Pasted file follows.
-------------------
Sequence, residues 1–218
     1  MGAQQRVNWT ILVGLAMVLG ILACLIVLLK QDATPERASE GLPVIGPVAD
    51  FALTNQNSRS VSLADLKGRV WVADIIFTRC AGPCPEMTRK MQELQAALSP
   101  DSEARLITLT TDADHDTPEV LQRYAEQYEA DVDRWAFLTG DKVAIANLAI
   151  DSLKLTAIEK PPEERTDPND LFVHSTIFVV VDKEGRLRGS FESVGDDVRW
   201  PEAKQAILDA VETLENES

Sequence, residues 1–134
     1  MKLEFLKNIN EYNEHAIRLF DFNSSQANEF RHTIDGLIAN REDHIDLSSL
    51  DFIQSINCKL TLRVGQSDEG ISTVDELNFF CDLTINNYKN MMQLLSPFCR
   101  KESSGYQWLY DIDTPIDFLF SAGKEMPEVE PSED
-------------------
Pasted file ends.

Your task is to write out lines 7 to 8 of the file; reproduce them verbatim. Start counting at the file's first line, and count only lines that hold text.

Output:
Sequence, residues 1–134
     1  MKLEFLKNIN EYNEHAIRLF DFNSSQANEF RHTIDGLIAN REDHIDLSSL